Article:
Philadelphia Newspapers files Chapter 11
Philadelphia Newspapers LLC, publisher of the Daily News and the Inquirer, and owner of philly.com, announced today that it is voluntarily restructuring its debt under Chapter 11 of the U.S. Bankruptcy Code.
The case was filed yesterday in U.S. Bankruptcy Court for the Eastern District of Pennsylvania, in Philadelphia, by attorney Lawrence G. McMichael, of Dilworth Paxson LLP.
The company emphasized that it would continue normal operations of its newspapers, magazines and online businesses without interruption during the debt-restructuring process.
“Philadelphia Newspapers’ goal is to bring its debt in line with the realities of the current economic and business conditions,” said Brian Tierney, chief executive officer.
“Over the last two years, we have made significant progress in improving the quality of our journalism, building a relationship based on mutual trust and respect with our unions, making our operations among the most efficient in the industry and innovatively serving our readers and advertisers.
"This restructuring is focused solely on our debt, not our operations. Our operations are sound and profitable. We are the medium of choice in this region for advertisers and readers.
“Over 2 million people either pick up one of our newspapers or view our news and information online every day.”
The Newspaper Guild of Greater Philadelphia, which represents newsroom employees at both newspapers, told its members in an e-mail last night to “please stay calm. The company is still in business, the papers are still publishing and you should still report for work.”
The union’s executive committee will hold an emergency board meeting at 10 a.m. today, the e-mail said.
The announcement by Philadelphia Newspapers comes in the wake of a filing Saturday in U.S. Bankruptcy Court in New York of Chapter 11 protection by the Yardley-based Journal Register Co., which publishes the Delaware County Daily Times and the Trentonian, among other newspapers.
In addition, the Chicago-based Tribune Co. sought bankruptcy protection in December, and the Star Tribune of Minneapolis followed suit last month.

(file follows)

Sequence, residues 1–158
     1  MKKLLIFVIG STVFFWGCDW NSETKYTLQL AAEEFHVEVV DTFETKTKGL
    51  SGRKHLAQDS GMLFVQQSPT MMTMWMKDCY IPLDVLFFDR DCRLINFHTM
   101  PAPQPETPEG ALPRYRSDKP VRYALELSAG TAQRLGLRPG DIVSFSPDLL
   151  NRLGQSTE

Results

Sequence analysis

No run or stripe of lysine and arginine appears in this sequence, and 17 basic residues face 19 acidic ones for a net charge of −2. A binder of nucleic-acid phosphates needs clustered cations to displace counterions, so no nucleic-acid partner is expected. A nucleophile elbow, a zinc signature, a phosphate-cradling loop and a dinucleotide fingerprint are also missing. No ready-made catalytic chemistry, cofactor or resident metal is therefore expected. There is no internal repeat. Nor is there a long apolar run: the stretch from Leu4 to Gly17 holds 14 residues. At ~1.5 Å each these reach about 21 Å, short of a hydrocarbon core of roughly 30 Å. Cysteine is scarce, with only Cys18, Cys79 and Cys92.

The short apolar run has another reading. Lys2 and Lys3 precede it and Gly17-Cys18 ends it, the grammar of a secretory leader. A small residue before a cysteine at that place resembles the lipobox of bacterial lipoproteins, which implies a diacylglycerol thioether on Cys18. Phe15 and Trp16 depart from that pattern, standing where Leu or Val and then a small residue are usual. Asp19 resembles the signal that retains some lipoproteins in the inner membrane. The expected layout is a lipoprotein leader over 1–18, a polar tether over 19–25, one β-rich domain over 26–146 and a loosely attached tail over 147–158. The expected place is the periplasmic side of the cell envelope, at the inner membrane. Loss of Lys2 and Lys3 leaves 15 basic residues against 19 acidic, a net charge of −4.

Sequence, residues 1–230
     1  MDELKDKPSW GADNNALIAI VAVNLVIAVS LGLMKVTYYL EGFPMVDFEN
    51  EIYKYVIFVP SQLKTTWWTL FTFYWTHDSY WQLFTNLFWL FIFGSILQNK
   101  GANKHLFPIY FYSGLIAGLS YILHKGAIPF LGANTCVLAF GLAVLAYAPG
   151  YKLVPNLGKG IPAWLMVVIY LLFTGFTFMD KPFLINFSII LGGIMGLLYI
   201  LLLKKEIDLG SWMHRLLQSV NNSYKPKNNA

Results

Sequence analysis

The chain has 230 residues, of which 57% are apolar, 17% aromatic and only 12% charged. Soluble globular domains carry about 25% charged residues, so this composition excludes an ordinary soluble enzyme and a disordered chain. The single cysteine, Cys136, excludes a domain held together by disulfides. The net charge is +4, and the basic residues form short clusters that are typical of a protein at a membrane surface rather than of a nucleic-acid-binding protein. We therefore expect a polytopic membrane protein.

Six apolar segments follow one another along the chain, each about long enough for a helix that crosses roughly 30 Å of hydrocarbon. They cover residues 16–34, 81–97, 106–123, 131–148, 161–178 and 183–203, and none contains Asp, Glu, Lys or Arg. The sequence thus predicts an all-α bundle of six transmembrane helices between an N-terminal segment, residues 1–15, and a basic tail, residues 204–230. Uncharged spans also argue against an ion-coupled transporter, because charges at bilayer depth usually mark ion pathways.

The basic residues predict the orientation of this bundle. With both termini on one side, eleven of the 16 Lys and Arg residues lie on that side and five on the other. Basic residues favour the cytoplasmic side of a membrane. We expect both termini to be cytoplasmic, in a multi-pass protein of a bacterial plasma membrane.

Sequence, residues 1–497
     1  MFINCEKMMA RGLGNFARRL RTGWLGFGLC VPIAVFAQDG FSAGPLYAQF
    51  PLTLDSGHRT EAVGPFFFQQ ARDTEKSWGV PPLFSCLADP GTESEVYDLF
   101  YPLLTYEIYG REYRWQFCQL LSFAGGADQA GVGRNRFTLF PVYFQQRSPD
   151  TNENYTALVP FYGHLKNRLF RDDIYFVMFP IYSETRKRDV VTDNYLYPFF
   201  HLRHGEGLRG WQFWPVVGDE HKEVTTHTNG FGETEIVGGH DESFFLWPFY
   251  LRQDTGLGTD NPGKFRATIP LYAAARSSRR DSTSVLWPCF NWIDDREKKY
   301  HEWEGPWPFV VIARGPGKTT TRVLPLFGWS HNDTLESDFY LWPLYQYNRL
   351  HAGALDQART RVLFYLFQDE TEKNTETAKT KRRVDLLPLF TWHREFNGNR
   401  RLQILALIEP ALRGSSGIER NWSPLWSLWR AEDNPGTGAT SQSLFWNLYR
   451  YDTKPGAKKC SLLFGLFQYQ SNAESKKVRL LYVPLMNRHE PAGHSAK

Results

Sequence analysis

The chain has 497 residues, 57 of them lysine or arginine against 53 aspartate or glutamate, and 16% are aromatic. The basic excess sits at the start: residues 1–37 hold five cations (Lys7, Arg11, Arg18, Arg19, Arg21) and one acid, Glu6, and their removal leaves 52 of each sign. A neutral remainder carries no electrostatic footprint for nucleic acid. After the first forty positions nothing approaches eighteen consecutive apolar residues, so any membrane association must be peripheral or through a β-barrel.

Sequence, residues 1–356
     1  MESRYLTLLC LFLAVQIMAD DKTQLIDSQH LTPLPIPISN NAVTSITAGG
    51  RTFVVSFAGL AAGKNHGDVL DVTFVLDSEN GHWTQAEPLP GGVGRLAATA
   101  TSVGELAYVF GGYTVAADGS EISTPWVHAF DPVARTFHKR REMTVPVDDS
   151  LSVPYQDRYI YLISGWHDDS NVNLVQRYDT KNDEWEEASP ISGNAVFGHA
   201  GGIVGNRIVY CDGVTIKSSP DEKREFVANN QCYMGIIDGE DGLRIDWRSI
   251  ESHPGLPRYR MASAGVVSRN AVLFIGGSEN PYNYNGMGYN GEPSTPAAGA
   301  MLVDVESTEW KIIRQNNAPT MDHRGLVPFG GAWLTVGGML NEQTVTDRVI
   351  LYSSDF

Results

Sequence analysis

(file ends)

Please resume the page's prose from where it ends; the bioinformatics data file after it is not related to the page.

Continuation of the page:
A group of investors led by Tierney bought the company, formerly Philadelphia Newspapers Inc., for $562 million in June 2006.
In an e-mail late last night to all employees of Philadelphia Newspapers, Tierney wrote:
“As a company, we have been hit with a perfect storm, including a dramatic decline in total revenue, the worst economic conditions since the Great Depression and a debt structure which is out of line with current economic reality. Despite these difficult circumstances, we have been working towards an operational structure that can flourish once we get the debt restructured.”
Tierney, who was a successful advertising executive before taking over the newspapers, wrote:
“The most important fact that you need to know about how the Chapter 11 filing affects you is that business will continue as usual. PNL will continue to operate under its current name and logo, and all operations as you know them will remain the same. We have asked the court to permit all salary and benefits, including pensions and 401(k) plans, to continue as usual. The filing has in no way changed your employment terms.”
The filing asks court approval of various customary motions, including the maintenance of employee payroll and health benefits, the fulfillment of certain pre-filing obligations, the ability to use cash on hand to meet expenses and the ability to honor customer programs.
The company pointed out in the court filing that it took this action after negotiating with its lenders for the past 11 months. During that time, the company has been billed more than $13.4 million in penalty interest by its senior lenders, led by Citizens Bank, and fees for its lenders’ lawyers and consultants, including the Blackstone Group, Drinker Biddle and Akin Gump.
In conjunction with its filing, the company is seeking Bankruptcy Court approval of up to $25 million in debtor-in-possession (DIP) financing provided by various lenders through NewSpring Capital.
The DIP financing provides additional cash on top of the working capital generated by the business. The proposed DIP financing plus the cash flow from operations will ensure the company’s ability to satisfy customary obligations associated with its normal course of business, including employee wages and benefits in the ordinary course, and payment of post-petition obligations to vendors under existing terms, the company said.